There’s something about each new summer season that brings a need for home rejuvenation. After months of dark and rainy nights there is finally the opportunity to throw open the doors and windows, let a little light and air into the house, and even entertain a few guests. Sounds simple enough.
However, if you’re anything like the rest of us, there is usually one thing standing in the way of this this open airy feel – clutter. Ask yourself how much stuff do you really need? Do the make-do furniture purchases and accumulated trinkets really deserve their continued pride of place? When you start stripping away what you think you can live without, you could be left with very little. But is that a bad thing? Let’s look at going minimalist.
Beautiful vs Useful
There is an old saying that goes ‘have nothing in your houses that you do not know to be useful or believe to be beautiful’. There are a few basic steps to getting this evaluation right.
For example, a gaudy light fitting can be replaced with simple elegant lighting solutions that take up less space and deliver a cooler more clean-cut light. See here for ideas on slimline LED filament bulbs. Furniture is another great example of ‘beautiful vs useful’. A bookcase of dusty old hardbacks, a rarely used nest of tables, a glass ornament cabinet that acts as a make shift surface for keys and small change. Sound familiar? From overflowing magazine racks to rugs that you’ve never liked, the list of items is going to be a lot longer than you anticipated.
There would be little point in creating a minimalist living space if the furniture that sits in that space doesn’t match the stripped-down theme – a puffed out reclining leather couch is going to look mismatched in a room that takes its style from reduced materialism. Instead opt for slim-line structures based on making the best possible use of straight lines and block colours.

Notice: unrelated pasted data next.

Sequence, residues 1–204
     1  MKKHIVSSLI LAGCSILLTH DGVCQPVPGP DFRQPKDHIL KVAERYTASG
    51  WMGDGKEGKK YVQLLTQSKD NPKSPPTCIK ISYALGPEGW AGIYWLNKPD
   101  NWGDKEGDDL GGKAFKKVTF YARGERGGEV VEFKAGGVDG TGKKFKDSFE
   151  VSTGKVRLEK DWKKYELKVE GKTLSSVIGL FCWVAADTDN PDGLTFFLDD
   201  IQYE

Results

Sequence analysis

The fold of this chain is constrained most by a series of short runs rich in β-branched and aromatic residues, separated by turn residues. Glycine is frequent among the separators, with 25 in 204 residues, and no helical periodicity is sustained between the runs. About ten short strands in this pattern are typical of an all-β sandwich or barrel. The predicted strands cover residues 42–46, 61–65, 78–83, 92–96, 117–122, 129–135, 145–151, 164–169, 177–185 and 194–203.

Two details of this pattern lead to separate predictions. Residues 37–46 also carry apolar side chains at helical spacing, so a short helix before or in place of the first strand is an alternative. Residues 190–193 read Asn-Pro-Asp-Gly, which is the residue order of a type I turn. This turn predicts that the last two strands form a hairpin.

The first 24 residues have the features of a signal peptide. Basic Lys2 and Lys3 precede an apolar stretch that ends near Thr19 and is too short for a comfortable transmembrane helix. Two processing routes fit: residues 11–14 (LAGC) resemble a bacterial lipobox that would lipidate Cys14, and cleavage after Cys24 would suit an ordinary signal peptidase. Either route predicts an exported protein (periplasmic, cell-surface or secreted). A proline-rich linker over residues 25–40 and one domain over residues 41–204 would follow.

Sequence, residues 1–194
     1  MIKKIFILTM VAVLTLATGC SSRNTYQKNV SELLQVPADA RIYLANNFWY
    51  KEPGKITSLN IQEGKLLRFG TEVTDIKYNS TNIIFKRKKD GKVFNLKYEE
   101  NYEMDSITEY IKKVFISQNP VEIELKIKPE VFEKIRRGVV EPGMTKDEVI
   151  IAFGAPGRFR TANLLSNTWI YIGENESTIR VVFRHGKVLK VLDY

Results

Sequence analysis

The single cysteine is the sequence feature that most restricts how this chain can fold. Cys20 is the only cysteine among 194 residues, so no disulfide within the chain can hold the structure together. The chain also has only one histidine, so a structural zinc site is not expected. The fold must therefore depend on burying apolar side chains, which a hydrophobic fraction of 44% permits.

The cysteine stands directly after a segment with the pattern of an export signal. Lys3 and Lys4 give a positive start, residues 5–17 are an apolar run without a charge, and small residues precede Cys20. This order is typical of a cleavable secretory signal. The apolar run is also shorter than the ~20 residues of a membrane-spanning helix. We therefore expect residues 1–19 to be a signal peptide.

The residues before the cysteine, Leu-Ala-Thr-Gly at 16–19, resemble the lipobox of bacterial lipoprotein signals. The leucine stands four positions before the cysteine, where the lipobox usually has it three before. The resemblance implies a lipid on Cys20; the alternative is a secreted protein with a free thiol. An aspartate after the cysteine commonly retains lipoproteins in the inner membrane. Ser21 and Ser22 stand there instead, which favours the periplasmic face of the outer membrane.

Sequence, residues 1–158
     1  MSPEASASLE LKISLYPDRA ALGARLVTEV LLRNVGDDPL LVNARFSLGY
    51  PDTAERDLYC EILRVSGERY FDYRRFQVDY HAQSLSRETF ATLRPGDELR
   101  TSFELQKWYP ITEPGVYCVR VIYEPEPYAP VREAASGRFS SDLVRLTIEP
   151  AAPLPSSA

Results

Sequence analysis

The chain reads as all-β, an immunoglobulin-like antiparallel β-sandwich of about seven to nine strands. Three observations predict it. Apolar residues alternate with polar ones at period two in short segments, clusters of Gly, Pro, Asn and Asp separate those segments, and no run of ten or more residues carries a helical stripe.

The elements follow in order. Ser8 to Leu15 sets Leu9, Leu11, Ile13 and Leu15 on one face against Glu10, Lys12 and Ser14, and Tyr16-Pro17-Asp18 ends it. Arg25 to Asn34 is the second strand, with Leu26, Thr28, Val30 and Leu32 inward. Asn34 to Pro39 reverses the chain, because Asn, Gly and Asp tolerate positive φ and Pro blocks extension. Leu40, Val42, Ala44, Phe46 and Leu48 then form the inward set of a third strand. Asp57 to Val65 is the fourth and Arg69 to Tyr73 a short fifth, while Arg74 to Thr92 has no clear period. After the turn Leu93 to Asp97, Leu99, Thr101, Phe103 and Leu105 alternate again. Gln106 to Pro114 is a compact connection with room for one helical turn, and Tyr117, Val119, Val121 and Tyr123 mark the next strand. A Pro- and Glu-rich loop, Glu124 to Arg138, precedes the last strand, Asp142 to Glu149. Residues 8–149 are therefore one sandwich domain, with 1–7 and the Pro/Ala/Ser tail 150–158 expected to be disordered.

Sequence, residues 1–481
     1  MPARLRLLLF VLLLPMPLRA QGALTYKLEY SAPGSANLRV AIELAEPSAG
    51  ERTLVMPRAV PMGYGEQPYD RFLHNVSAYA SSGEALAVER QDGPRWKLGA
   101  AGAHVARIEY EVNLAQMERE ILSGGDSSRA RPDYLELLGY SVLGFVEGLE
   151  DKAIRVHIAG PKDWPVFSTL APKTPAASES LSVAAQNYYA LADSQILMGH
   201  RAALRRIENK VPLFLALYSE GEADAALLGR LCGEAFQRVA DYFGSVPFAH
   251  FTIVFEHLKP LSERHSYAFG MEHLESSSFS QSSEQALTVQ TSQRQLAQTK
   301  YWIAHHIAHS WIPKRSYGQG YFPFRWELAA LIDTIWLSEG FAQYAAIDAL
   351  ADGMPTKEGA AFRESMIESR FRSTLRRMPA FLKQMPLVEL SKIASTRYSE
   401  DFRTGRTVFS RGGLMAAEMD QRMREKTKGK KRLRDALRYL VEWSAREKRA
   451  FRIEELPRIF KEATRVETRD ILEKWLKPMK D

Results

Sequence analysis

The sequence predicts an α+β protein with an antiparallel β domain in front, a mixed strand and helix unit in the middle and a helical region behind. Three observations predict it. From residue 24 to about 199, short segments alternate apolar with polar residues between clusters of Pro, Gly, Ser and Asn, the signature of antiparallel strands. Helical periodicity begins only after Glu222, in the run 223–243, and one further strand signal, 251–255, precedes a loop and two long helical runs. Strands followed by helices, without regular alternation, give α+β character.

The same applies to adding a little greenery to your décor. Lush flowers and tumbledown windowsill dwellers are great for adding movement and life to colourful multi-function rooms but won’t work if placed in a minimalist theme.
Think small and chunky or long and thin. We’re talking a single cactus for a side surface or a long stem potted plant such as a bamboo or dracaena for room corners – avoid flowering plants that could shed petals (flowering plants will also require more maintenance in terms of frequent watering, so consider investing in faux greenery to make life easier).
Which Colour Scheme is Best?
Making the switch from a lived-in look to a minimalist living space needn’t be all about dull greys, whites, and washed out pastels. The important thing here is to match your décor to the purpose of the room.
If you live alone and you don’t have much experience in interior design, for example, you may wish to opt for a simple colour palette that reduces the amount of design time. Choose colours within the same family to avoid bright clashes that could take away from the minimal aesthetic.
On the other hand, if you have children, you may wish to go colourful to try to cater to everyone’s tastes. Again, try to stick to a limited choice of colours and shades within a colour family to help promote the stripped-down feel.
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